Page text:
ONDC users in India are happy about the big discounts, while experts share their doubts.
The Open Network for Digital Commerce (ONDC) has been causing quite a stir in the food delivery ecosystem over the past week, so much so that analysts have highlighted it as one of the factors behind the recent slide in the share prices of the popular delivery app, Zomato.
An Indian government-backed non-profit digital commerce initiative, ONDC offers an open source network for all to exchange goods and services on the internet, and is independent of any specific platform.
While it has left many impressed by offering services at a more competitive price than market leaders such as Zomato and Swiggy — social media has been flooded with reports of food delivery being cheaper by over 50 per cent from major food chains (Wow Momo, Biryani Blues, Krispy Kreme, among others) through ONDC — industry experts feel that ONDC’s mode of operation, by offering heavy discounts, may not be sustainable.
ONDC has a lower volume of sellers and buyers as of now.
“It is trying to activate that ecosystem. If you remember, all these apps (such as Zomato and Swiggy) initially gave heavy discounts to draw customers. ONDC is going through a similar phase. But as the system scales up, they will not be able to give the same level of discounts,”
an expert of The Print said.
ONDC began operations last year and aims to “democratise” e-commerce and make it more accessible. The idea is to help customers buy products and services from participating digital commerce platforms through a single platform, across segments such as retail and food delivery.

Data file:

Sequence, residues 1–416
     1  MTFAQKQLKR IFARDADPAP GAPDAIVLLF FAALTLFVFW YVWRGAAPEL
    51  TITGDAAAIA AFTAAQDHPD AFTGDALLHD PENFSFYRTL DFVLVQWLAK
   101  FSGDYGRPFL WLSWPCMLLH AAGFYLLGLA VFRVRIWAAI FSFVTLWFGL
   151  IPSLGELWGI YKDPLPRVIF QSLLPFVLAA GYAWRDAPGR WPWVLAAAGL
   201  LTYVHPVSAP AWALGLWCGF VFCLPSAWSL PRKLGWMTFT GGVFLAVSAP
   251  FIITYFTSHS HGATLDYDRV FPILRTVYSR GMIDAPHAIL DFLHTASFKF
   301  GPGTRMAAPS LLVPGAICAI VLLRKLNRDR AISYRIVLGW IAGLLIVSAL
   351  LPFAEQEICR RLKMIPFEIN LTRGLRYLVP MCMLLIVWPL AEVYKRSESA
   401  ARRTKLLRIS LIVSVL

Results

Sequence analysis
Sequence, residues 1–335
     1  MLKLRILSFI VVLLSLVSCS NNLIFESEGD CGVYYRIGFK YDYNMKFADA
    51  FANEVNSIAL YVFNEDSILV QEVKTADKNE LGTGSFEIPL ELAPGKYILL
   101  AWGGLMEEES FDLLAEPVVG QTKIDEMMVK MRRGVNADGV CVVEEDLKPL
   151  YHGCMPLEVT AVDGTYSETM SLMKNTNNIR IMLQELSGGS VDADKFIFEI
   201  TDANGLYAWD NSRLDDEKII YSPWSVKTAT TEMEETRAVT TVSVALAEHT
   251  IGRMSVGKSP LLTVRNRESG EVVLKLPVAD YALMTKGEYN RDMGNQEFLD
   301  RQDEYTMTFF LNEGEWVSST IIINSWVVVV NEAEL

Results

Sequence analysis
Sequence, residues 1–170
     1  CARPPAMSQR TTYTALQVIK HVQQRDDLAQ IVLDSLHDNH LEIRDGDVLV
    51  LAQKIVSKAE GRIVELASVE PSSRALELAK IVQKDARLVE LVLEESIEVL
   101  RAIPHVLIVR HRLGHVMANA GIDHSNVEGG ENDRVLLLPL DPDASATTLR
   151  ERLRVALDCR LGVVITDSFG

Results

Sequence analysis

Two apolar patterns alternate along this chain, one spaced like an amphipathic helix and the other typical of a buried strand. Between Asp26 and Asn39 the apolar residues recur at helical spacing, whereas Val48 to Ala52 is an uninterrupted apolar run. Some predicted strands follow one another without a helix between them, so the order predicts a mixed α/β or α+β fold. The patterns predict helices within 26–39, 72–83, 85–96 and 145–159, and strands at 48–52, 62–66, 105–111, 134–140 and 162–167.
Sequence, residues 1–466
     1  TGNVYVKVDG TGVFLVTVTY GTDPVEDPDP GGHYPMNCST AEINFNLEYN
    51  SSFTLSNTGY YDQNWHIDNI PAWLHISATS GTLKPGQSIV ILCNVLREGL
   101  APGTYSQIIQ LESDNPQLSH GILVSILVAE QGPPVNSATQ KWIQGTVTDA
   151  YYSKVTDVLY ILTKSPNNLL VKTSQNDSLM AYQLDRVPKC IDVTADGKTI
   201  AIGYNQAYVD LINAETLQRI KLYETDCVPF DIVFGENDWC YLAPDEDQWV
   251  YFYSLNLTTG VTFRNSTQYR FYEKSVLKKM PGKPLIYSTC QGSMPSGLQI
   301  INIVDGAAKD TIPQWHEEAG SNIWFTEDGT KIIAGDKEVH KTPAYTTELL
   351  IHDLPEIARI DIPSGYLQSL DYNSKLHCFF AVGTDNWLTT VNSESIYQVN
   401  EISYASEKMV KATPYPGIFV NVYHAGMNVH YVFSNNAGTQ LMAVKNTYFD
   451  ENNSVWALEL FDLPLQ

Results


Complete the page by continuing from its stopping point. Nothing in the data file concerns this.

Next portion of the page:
Unlike e-commerce websites, it does not have its own delivery ecosystem, but has logistics service partners such as Dunzo, eKart, Grab, LoadShare, Shiprocket and Shadowfax. Sellers can choose to work with them for last-mile delivery to the end consumer.
In the food delivery sector, the network has connected restaurants directly with customers, doing away with third-party platforms.
As the experts point out, ONDC lacks a proper mechanism to deal with customer grievances, something the established platforms in the food delivery sector offer. They also claim that once ONDC builds these systems and starts offering the same level of service as its competitors, its operating cost will go up.
Brokerage firm Motilal Oswal stated in a research note that it believed the risk posed by ONDC will only become significant once it scales up in multiple categories (food, ecommerce, grocery), which would give it the scale to override the delivery scale of the existing players.
“The current 10,000 deliveries/day (40 per cent in Bangalore) across categories does not present enough scale to absorb the delivery rider cost for the platform. For comparison, Zomato currently delivers 1.8 million orders per day on a standalone basis. However, the industry-wide figure across multiple categories (relevant for ONDC) would be several times greater than this,”
It also pointed out that disaggregated platforms i.e. separate for sellers, buyers, and delivery are likely to lead to problems in returns and quality of service.
According to GlobalData analysts,while ONDC has received a large number of users since its launch in 2022, it has a long way to go before it can match the technological and service capabilities of companies like Amazon, Flipkart, Swiggy, Zomato, and others.
However, as ONDC operates an open market without charging any third-party service fees, both vendors and consumers can realise considerable cost savings on their transactions.
"As the platform’s user base acquires critical mass, it can serve as a benchmark for price discovery for both vendors and consumers, instead of allowing the leading online retailers and food aggregators to dictate prices,"
Francis Gabriel Godad, Consumer Business Development Manager, GlobalData India, stated.